Thousands of names fill the major league baseball archives. With the sheer volume of players who have competed in baseball for the last 140 or so years, there are bound to be names that repeat. Not just Smith and Jones, but less common ones like Darwin, Hampton and Moreland.
Since baseball is a family game, the same names pop up all the time. Bell. Boone. Canseco. But have you noticed that every once in awhile, a couple of players show up at around the same time with the same name and they aren't related? In fact, you may have never heard the name previously, at least not in a major league setting.
There are two players with the last name Cain in baseball right now -- Matt and Lorenzo (yes, I know Matt hasn't played a game this year). They've each played together in major league baseball for the last five years, after there were just three previous Cains spread out over 125 years of baseball.
There are lots of other examples of this, and sometimes I wonder how it happens. Someone who studies linguistics or culture or population probably has a term for this already because I think it's more than coincidence. The simplest explanation is to look at how many Latin American players have arrived in the game over the last couple of decades. They can't help but bring certain surnames with them.
And, sometimes, there is one player to start it all. Once they arrive, suddenly, there are a bunch of other players with the same name. It's almost as if the original player spawned all the others ones.
Francisco Cabrera "started" the run of Cabreras that we have seen in major league baseball over the last 25 years.
When Cabrera arrived in 1989, there had been only one other player with his surname to reach the majors. Al Cabrera, a native of Spain, played in one game for the St. Louis Cardinals in 1913. But after Francisco Cabrera? Twelve players with the last name Cabrera have played in the MLB. They are Francisco's spawn.
Maybe it was the thrill of Cabrera's game-winning hit to end the 1992 NLCS that inspired legions of Cabreras, but more probably it was the sheer influx of Latin American talent.
Four years after Francisco Cabrera's last MLB season in 1993, another Cabrera debuted.
Orlando Cabrera started in 1997, lasted all the way to 2011, and played for five different teams in the playoffs. He is most known for being the shortstop on the Red Sox's 2004 curse-busting World Series team.
The same year, a pitcher named Jose Cabrera made his major league debut with the Astros. He would play for six years, appearing in more than 50 games in consecutive years for the Astros, Braves and Brewers.
The following season, in 1998, utility player Jolbert Cabrera began with the Indians. He also bounced around with the Mariners, Dodgers and Reds. Cabrera is the older brother of Orlando Cabrera, bringing the family aspect into what was becoming a "baseball name."
In 2000, Alex Cabrera started and ended his MLB career with the Diamondbacks. He played in 31 games. He then moved on to Japan, where he played 12 seasons and slugged 49, 55 and 50 home runs in consecutive seasons.
The most famous Cabrera, Miguel Cabrera, started in 2003 with the Marlins the year they won the World Series. The two-time MVP and future Hall of Famer will probably be one of the greatest players I've ever seen by the time his career is done.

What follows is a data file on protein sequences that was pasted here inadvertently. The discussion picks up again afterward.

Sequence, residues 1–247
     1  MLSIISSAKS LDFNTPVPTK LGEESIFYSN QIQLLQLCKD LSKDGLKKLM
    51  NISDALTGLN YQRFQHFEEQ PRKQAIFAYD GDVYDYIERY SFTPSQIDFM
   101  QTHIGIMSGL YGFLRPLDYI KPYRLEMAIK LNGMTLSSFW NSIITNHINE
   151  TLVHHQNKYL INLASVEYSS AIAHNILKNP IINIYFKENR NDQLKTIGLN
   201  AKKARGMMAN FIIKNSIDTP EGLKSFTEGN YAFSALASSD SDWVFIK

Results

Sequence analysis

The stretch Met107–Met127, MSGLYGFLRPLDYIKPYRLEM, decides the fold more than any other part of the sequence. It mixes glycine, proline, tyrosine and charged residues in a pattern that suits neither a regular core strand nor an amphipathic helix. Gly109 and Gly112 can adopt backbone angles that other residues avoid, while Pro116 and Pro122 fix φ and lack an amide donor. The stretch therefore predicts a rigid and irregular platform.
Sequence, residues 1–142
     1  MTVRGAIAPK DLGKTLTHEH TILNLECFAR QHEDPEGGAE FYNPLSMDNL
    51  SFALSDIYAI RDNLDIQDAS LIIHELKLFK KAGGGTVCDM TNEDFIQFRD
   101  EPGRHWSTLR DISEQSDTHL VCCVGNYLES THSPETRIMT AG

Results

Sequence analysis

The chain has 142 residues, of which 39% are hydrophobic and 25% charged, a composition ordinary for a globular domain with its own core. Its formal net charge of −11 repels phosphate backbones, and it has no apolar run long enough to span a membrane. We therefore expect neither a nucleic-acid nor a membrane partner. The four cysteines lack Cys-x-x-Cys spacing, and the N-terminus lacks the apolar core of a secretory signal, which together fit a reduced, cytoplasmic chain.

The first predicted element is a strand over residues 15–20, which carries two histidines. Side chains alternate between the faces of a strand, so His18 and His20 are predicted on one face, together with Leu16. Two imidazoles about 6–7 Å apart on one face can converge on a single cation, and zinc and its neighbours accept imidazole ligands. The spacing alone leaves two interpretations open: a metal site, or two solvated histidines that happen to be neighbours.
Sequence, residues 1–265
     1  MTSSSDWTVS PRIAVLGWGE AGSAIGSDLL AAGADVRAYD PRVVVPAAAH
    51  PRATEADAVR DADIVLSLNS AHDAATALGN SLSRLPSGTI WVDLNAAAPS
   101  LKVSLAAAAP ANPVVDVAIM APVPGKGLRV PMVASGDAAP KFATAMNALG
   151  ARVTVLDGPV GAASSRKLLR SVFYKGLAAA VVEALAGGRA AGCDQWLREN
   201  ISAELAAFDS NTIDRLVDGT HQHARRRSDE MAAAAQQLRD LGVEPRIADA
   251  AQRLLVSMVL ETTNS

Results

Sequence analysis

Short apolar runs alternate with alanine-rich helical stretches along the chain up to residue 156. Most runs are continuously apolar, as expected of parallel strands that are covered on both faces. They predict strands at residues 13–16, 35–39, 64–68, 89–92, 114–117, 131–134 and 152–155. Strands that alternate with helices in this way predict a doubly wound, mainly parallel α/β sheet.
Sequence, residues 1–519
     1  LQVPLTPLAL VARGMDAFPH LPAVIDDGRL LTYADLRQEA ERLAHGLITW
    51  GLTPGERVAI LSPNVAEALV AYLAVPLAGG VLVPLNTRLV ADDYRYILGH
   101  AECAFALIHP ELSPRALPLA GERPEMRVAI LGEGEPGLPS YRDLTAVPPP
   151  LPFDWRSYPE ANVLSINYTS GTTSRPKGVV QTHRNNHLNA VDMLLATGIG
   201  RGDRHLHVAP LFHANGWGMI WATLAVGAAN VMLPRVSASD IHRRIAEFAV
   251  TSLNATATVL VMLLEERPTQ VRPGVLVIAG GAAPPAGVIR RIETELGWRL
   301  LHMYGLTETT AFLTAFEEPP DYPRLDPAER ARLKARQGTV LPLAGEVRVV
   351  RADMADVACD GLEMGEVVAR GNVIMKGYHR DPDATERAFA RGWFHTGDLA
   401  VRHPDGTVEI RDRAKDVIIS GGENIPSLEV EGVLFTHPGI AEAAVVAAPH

Pitcher Fernando Cabrera reached the majors with Cleveland in 2004, where he had his most success over seven years. He also played briefly with the Orioles and Red Sox.
Another pitching Cabrera, Daniel, also started in 2004. He began quickly, then faded, leading the league in losses in 2007. I'll always remember Daniel Cabrera for being unable to smile on his baseball cards. Lots of squinty-eyed, tough-guy action.
I don't think I noticed how many Cabreras were appearing in baseball until Melky Cabrera first appeared with the Yankees in 2005 (given that he played just six games that year, I probably didn't even know about him until 2006). Cabrera started with much fan fare in New York, as often happens. I'd just like to say to John Sterling, who insisted on calling Cabrera the "melk man," that the word is "milk," I don't know what "melk" is, I don't want it delivered, and just stop it with the goofy home run calls, all of you.
Asdrubal Cabrera began in 2007 with 45 games for the Indians (the Indians have accumulated quite a few Cabreras), and it's a good thing he played just 45 to start because I needed time to learn how to spell "Asdrubal". Cabrera was a mainstay for the Indians for awhile, and now plays for Tampa Bay.
Everth Cabrera started with the Padres in 2009. I didn't like him because he's one of those pesky base-stealing guys who the Padres always tried to sic on the Dodgers in an effort to make their whole season. And then Cabrera would get Padres fans all giddy because he stole a couple bases against L.A., when -- big picture -- he couldn't hit, and, oh yeah, Biogenesis suspension and various legal issues. Now he's with the Orioles, batting .205, which seems just about right.
2012 saw the debut of two new Cabreras. There was Edwar Cabrera, who pitched briefly for the Rockies, and Alberto Cabrera, who pitched two seasons for the Cubs, and is now in the minors with the Tigers.
Those are the most recent Cabreras and brought the complete major league total of Cabreras to 14.
One Cabrera from 1876 to 1988.
One Cabrera from 1989 to 1993
And 12 Cabreras from 1997 to 2015.
Stay tuned for the next edition of "Spawn".